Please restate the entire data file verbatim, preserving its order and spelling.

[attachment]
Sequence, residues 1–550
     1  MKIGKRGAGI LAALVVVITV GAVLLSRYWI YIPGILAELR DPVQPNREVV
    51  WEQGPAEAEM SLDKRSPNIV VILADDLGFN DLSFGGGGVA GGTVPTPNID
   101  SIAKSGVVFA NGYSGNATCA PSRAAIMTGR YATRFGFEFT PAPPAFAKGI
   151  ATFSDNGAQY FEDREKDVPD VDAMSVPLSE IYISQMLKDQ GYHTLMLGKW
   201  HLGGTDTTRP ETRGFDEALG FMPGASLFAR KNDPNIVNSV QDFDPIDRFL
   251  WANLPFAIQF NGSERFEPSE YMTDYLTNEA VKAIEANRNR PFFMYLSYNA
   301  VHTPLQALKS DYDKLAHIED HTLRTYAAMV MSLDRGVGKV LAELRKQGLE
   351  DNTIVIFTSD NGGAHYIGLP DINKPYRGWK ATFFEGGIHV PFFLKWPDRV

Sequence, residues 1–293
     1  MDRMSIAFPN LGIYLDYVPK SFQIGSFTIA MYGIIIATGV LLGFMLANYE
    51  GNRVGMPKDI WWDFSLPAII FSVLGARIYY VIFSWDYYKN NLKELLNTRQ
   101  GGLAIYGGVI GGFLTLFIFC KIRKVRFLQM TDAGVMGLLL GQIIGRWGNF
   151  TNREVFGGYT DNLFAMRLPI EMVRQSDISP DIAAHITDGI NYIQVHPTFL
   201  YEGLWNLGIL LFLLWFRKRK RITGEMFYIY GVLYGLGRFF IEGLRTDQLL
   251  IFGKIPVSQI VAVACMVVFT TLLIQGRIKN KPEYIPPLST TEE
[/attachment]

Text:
Sequence, residues 1–550
     1  MKIGKRGAGI LAALVVVITV GAVLLSRYWI YIPGILAELR DPVQPNREVV
    51  WEQGPAEAEM SLDKRSPNIV VILADDLGFN DLSFGGGGVA GGTVPTPNID
   101  SIAKSGVVFA NGYSGNATCA PSRAAIMTGR YATRFGFEFT PAPPAFAKGI
   151  ATFSDNGAQY FEDREKDVPD VDAMSVPLSE IYISQMLKDQ GYHTLMLGKW
   201  HLGGTDTTRP ETRGFDEALG FMPGASLFAR KNDPNIVNSV QDFDPIDRFL
   251  WANLPFAIQF NGSERFEPSE YMTDYLTNEA VKAIEANRNR PFFMYLSYNA
   301  VHTPLQALKS DYDKLAHIED HTLRTYAAMV MSLDRGVGKV LAELRKQGLE
   351  DNTIVIFTSD NGGAHYIGLP DINKPYRGWK ATFFEGGIHV PFFLKWPDRV

Sequence, residues 1–293
     1  MDRMSIAFPN LGIYLDYVPK SFQIGSFTIA MYGIIIATGV LLGFMLANYE
    51  GNRVGMPKDI WWDFSLPAII FSVLGARIYY VIFSWDYYKN NLKELLNTRQ
   101  GGLAIYGGVI GGFLTLFIFC KIRKVRFLQM TDAGVMGLLL GQIIGRWGNF
   151  TNREVFGGYT DNLFAMRLPI EMVRQSDISP DIAAHITDGI NYIQVHPTFL
   201  YEGLWNLGIL LFLLWFRKRK RITGEMFYIY GVLYGLGRFF IEGLRTDQLL
   251  IFGKIPVSQI VAVACMVVFT TLLIQGRIKN KPEYIPPLST TEE